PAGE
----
(4) Chiarella, R. A.; Davey, R. J.; Peterson, M. L. Cryst. Growth Des. 2007, 7, 1223−1226. (5) Ainouz, A.; Authelin, J.-R.; Billot, P.; Liebermann, H. Int. J. Pharm. 2009, 374, 82−89. (6) Chadwick, K.; Davey, R. J.; Sadiq, G.; Cross, W.; Pritchard, R. CrystEngComm 2009, 11, 412−414. (7) Jayasankar, A.; Reddy, L. S.; Bethune, S. J.; Rodriguez-Hornedo, N. Cryst. Growth Des. 2009, 9, 889−897. (8) Yu, Z. Q.; Chow, P. S.; Tan, R. B. H. Cryst. Growth Des. 2010, 10, 2382−2387. (9) Nehm, S. J.; Rodríguez-Sprong, B.; Rodríguez-Hornedo, N. Cryst. Growth Des. 2006, 6, 592−600. (10) Chadwick, K.; Davey, R. J.; Dent, G.; Pritchard, R. G.; Hunter, C. A.; Musumeci, D. Cryst. Growth Des. 2009, 9, 1990−1999. (11) Arlin, J.-B.; Price, L. S.; Price, S. L.; Florence, A. J. Chem. Commun. 2011, 47, 7074−7076. (12) Schartmann, R. Int. J. Pharm. 2009, 365, 77−80. (13) Good, D. J.; Rodríguez-Hornedo, N. Cryst. Growth Des. 2010, 10, 1028−1032. (14) Good, D. J.; Rodríguez-Hornedo, N. Cryst. Growth Des. 2009, 9 (5), 2252−2264. (15) (a) Etter, M. C.; Baures, P. W. J. Am. Chem. Soc. 1988, 110, 639−40. (b) Aakeröy, C. B.; Salmon, D. J. CrystEngComm 2005, 7, 439−448. (16) Goud, N. R.; Babu, N. J.; Nangia, A. Cryst. Growth Des. 2011, 11, 1930−1939. (17) Ferguson, G.; Glidewell, C. J. Chem. Soc., Perkin Trans. 1988, II, 2129−2132. (18) Ferguson, G.; Lough, A. J.; Glidewell, C. J. Chem. Soc., Perkin Trans. 1989, II, 2065−2070. (19) APEX2 v2009.3-0; Bruker AXS: Madison, WI, 2009.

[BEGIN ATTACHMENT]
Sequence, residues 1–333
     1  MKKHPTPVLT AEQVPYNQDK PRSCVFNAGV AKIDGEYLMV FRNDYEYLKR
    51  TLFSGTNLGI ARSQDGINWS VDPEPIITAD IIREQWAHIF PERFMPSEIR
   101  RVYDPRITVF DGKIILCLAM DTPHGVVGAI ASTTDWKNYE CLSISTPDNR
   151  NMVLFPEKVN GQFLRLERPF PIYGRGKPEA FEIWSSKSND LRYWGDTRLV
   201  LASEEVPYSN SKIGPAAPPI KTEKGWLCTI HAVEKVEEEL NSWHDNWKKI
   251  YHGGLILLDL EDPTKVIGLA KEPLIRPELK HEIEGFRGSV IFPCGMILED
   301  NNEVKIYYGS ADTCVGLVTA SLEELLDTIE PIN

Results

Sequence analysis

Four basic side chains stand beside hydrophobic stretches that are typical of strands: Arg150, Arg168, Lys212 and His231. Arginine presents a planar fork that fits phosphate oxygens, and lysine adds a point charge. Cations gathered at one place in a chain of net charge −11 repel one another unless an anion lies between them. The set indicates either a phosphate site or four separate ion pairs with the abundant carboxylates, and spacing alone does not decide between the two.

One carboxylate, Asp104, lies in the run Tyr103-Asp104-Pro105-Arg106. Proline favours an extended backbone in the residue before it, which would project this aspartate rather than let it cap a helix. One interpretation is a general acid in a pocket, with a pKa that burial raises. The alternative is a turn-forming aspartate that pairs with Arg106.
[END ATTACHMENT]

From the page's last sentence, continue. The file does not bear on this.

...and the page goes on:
ASSOCIATED CONTENT

S Supporting Information *

X-ray crystallographic information in CIF format, DSC and PXRD data, and additional figures. This material is available free of charge via the Internet at http://pubs.acs.org. The crystallographic data for the 1:1 cocrystal have been deposited with the Cambridge Crystallographic Data Centre, CCDC number 843627. These data can be obtained free of charge from The Cambridge Crystallographic Data Centre via www. ccdc.cam.ac.uk/data_request/cif.



AUTHOR INFORMATION

Corresponding Author

*E-mail: [email protected] Tel.: +353 61 234617. Fax: +353 61 213529.



ACKNOWLEDGMENTS This publication has emanated from research conducted with the financial support of Science Foundation Ireland under Grant Numbers 07/SRC/B1158 and 05/PICA/B802/EC07.